[Pharo-project] Seaside Book: Chapter 17, Serving Files

Schwab,Wilhelm K bschwab at anest.ufl.edu
Sun Mar 25 23:55:22 EDT 2012


Francois,

I am probably missing something too<g>, but dynamically serving the documents is EASY, and that message should get out.  The app in question originally ran on a server.  At first, that was a way to get around my lack (at the time) of good file synchronizing on Linux - I have long since ported to Pharo a tool that I have use for years so that it runs on Linux.  That makes it easy to move files from one machine to another (basically between desktop and laptop).

Having the system on a server offered the option for others to see the data, but they never used it.  IT policies became problematic (or at least scary), and it is simply easier for to run it locally, so I took that plunge.  The system has security features that make little sense now; I might remove them some day.

When it ran on a server, I simply generated urls for the full text articles.  At present, serving the files dynamically "just works" and does it w/o the need to think about servers and URLs.  It is a nice solution that I think deserves mention along with FileLibrary and other methods.

Bill



________________________________________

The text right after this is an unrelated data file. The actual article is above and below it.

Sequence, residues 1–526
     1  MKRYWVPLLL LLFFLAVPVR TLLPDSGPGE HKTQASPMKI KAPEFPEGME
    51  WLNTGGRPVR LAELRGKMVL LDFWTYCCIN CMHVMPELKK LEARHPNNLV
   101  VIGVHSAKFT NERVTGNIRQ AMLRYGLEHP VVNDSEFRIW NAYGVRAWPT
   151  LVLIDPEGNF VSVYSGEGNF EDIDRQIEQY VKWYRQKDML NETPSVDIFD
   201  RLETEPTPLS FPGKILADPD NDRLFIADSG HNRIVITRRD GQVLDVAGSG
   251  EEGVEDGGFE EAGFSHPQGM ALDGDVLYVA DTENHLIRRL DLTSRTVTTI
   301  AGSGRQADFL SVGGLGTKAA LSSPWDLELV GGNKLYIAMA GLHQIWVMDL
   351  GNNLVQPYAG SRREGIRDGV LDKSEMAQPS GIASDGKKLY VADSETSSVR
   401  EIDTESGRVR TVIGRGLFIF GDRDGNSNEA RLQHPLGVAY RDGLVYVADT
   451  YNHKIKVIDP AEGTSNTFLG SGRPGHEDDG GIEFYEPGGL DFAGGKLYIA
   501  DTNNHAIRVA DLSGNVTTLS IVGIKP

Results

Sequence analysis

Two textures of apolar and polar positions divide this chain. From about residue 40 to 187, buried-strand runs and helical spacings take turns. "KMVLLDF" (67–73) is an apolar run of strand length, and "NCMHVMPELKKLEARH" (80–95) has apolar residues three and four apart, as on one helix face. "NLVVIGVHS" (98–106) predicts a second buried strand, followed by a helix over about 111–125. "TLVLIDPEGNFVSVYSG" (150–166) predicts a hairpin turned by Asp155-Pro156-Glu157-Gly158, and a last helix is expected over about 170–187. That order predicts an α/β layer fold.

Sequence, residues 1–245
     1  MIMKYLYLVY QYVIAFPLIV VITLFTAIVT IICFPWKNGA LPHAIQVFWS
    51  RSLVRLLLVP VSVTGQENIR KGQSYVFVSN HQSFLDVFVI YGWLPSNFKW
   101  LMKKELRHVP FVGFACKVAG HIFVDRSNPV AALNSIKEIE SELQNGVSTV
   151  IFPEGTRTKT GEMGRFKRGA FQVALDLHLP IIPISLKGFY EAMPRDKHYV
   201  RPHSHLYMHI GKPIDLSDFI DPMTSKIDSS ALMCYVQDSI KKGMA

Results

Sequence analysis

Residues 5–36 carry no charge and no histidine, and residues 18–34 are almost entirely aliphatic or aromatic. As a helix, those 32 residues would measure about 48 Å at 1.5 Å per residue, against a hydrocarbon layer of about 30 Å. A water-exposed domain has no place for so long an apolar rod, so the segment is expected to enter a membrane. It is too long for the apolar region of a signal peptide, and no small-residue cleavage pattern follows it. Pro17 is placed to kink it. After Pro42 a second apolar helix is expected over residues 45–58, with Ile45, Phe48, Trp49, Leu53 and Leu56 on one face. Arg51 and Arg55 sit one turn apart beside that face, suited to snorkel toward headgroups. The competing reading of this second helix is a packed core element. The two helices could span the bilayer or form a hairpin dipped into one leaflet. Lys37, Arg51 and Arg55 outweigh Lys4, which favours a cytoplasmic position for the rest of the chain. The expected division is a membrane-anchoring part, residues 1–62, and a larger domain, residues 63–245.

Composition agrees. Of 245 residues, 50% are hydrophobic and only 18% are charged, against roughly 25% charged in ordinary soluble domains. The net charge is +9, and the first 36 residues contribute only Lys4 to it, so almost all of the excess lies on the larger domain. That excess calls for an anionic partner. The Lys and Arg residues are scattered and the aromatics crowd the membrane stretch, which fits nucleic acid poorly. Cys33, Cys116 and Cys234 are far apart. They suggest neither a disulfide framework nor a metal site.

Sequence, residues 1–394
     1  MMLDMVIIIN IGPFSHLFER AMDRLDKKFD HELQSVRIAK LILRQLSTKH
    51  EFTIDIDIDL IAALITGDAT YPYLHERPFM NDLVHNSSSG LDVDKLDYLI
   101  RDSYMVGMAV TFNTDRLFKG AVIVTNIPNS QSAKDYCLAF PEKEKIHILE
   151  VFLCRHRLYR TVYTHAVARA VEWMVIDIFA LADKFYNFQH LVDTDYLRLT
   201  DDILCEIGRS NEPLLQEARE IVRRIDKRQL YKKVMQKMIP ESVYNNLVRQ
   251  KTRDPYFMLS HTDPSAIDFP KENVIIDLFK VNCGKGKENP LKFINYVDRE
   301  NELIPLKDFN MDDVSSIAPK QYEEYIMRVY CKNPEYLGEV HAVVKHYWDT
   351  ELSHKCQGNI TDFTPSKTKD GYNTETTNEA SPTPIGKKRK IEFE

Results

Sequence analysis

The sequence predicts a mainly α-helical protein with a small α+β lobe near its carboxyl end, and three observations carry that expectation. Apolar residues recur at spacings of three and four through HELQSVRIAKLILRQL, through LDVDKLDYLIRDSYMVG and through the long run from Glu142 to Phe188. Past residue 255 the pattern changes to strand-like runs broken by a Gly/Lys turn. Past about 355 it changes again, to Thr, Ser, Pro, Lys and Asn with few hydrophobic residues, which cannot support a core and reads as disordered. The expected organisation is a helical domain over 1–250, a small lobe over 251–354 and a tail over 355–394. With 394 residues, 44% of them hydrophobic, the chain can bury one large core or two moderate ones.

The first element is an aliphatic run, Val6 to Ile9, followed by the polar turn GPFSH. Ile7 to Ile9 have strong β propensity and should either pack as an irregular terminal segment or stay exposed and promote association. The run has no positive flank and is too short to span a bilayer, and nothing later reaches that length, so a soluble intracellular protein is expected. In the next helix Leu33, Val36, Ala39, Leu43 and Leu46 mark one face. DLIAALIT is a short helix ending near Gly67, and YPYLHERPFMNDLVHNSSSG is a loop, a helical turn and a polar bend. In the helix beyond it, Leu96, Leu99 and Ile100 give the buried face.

From: pharo-project-bounces at lists.gforge.inria.fr [pharo-project-bounces at lists.gforge.inria.fr] on behalf of Francois Stephany [tulipe.moutarde at gmail.com]
Sent: Sunday, March 25, 2012 11:23 PM
To: pharo-project at lists.gforge.inria.fr
Subject: Re: [Pharo-project] Seaside Book: Chapter 17, Serving Files

Hi Bill,

I probably miss something in the use case but why don't you simply serve
that static content with Kom or Zinc ?


On 25/03/12 18:29, Schwab,Wilhelm K wrote:
> Clearly, I can't put hundreds of megabytes in a FileLibrary, and I have
> no interest in configuring a static web server for something that (sadly
> or not) runs locally on multiple machines, with data synchronized via
> what amounts to an rsynch clone and ever-growing flash sticks.





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